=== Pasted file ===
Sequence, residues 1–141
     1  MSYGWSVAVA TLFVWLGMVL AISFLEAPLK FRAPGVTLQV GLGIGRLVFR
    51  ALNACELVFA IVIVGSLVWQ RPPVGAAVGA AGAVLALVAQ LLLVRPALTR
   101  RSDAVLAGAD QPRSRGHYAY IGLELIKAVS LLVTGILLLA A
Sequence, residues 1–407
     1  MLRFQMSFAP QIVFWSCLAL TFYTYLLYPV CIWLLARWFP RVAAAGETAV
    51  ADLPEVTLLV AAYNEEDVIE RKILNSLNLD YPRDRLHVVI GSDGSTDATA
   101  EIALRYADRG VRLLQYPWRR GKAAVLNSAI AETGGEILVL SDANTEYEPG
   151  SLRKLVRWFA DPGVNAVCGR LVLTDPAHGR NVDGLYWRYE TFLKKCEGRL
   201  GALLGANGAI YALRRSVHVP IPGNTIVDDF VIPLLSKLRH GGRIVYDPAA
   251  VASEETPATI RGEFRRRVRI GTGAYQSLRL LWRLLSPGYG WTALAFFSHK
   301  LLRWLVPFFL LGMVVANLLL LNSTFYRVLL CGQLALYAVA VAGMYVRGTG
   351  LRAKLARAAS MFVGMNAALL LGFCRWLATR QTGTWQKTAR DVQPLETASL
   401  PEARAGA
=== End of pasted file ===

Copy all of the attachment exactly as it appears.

Sequence, residues 1–141
     1  MSYGWSVAVA TLFVWLGMVL AISFLEAPLK FRAPGVTLQV GLGIGRLVFR
    51  ALNACELVFA IVIVGSLVWQ RPPVGAAVGA AGAVLALVAQ LLLVRPALTR
   101  RSDAVLAGAD QPRSRGHYAY IGLELIKAVS LLVTGILLLA A
Sequence, residues 1–407
     1  MLRFQMSFAP QIVFWSCLAL TFYTYLLYPV CIWLLARWFP RVAAAGETAV
    51  ADLPEVTLLV AAYNEEDVIE RKILNSLNLD YPRDRLHVVI GSDGSTDATA
   101  EIALRYADRG VRLLQYPWRR GKAAVLNSAI AETGGEILVL SDANTEYEPG
   151  SLRKLVRWFA DPGVNAVCGR LVLTDPAHGR NVDGLYWRYE TFLKKCEGRL
   201  GALLGANGAI YALRRSVHVP IPGNTIVDDF VIPLLSKLRH GGRIVYDPAA
   251  VASEETPATI RGEFRRRVRI GTGAYQSLRL LWRLLSPGYG WTALAFFSHK
   301  LLRWLVPFFL LGMVVANLLL LNSTFYRVLL CGQLALYAVA VAGMYVRGTG
   351  LRAKLARAAS MFVGMNAALL LGFCRWLATR QTGTWQKTAR DVQPLETASL
   401  PEARAGA